The Horrendous Evil Within Shakespeare's Macbeth

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The Horrendous Evil Within Macbeth Macbeth by William Shakespeare is a recognized classic tragedy portraying the victory of good over evil. This paper will explore the various expressions of evil within the play. In Everybody's Shakespeare: Reflections Chiefly on the Tragedies, Maynard Mack compares the fall of Macbeth to the fall of Satan: In some ways Shakespeare's story resembles the story of the Fall of Satan. Macbeth has imperial longings, as Satan has; he is started on the road to revolt partly by the circumstance that another is placed above him; he attempts to bend the universe to his will, warring against all the bonds that relate men to each other - reverence, loyalty, obedience, truth, justice,…show more content…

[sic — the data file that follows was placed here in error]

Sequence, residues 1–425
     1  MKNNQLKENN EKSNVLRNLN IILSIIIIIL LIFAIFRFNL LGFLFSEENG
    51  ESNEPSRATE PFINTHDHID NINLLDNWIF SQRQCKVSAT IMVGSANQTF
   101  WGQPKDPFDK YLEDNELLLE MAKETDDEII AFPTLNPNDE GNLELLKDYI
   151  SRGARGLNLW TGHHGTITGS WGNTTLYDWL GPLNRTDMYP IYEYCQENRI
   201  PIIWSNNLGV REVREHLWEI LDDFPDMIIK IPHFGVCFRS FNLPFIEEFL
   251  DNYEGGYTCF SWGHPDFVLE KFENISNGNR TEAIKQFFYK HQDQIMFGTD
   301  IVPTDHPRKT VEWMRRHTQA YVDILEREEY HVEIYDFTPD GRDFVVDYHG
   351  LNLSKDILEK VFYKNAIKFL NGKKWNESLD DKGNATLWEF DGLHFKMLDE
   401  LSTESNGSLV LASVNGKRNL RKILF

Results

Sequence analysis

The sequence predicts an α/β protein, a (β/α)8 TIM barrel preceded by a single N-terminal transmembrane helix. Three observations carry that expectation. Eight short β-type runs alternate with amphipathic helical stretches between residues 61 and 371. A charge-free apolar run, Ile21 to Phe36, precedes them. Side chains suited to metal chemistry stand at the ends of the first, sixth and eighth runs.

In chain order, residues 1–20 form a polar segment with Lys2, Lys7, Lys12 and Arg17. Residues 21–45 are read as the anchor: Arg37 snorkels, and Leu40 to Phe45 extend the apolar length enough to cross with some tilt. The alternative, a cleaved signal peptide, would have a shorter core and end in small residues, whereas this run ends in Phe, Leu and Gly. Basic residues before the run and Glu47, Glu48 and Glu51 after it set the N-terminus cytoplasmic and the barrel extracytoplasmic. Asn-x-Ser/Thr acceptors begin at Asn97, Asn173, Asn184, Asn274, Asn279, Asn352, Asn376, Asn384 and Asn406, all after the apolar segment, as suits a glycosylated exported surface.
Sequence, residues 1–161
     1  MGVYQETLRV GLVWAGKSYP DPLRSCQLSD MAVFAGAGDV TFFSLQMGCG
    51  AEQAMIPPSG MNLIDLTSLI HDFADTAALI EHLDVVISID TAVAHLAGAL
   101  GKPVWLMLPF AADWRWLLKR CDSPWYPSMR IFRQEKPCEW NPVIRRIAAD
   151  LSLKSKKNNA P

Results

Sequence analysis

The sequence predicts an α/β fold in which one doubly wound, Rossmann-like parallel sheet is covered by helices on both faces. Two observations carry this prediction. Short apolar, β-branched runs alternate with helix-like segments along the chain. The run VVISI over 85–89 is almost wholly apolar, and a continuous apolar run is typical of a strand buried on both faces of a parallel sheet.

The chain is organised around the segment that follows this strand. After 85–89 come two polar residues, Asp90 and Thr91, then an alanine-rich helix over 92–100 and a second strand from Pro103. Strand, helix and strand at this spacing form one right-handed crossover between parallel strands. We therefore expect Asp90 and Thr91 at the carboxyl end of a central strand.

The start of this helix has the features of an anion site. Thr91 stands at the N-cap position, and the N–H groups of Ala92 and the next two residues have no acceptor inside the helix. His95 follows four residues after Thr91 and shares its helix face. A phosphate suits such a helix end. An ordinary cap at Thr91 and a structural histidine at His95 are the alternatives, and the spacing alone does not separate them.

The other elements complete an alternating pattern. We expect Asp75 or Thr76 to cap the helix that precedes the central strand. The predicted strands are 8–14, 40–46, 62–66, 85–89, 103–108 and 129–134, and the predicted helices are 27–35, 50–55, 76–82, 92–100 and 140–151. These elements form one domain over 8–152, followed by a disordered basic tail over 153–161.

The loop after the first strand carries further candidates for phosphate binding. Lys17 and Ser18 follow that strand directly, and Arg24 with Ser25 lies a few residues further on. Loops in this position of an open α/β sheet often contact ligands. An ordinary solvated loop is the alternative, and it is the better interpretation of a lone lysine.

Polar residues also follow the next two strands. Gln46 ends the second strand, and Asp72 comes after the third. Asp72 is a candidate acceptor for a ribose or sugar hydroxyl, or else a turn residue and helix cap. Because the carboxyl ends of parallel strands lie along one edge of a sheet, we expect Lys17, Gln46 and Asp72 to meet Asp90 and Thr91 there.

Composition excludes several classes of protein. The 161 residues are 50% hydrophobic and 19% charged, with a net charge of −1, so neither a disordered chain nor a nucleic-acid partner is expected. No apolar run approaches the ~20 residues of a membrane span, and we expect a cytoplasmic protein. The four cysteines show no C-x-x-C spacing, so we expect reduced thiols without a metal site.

Come, let me clutch thee." In Act 2, Scene 2, Lady Macbeth confesses to her husband that could not perform the murder because "Had he not resembled / My father as he slept, I had done't." So Macbeth follows through with the killing. Immediately he is striken with guilt from the evil deed as he exclaims, looking on his hands, to his wife, "This is a sorry sight," and "I had most need of blessing." The next morning Macduff exits the king's chamber with screams of horror. Macbeth kills the chamberlains, compounding the evil. Afterwards, the queen laments the state of "doubtful joy" in which the royal couple is living; the effect of their evil deeds weighs heavily. Evil repeats in the murder of Banquo. At the banquet that evening, the ghost of Banquo frightens Macbeth: "Thou canst not say I did it: never shake / Thy gory locks at me." Macbeth seeks additional advice from the weird sisters. When the "midnight hags" utter their incantation, Double, double toil and trouble; Fire burn and cauldron bubble (4.1) Macbeth hears the warnings of the apparitions, and he resolves to kill Macduff's family. The evil increases. Meanwhile in England, Macduff defends the moral integrity of Malcolm's lineage - a beacon of hope for the good people and a contrasting image to that of the Macbeths. At Dunsinane, Lady Macbeth's doctor observes the queen sleepwalking, seemingly washing her

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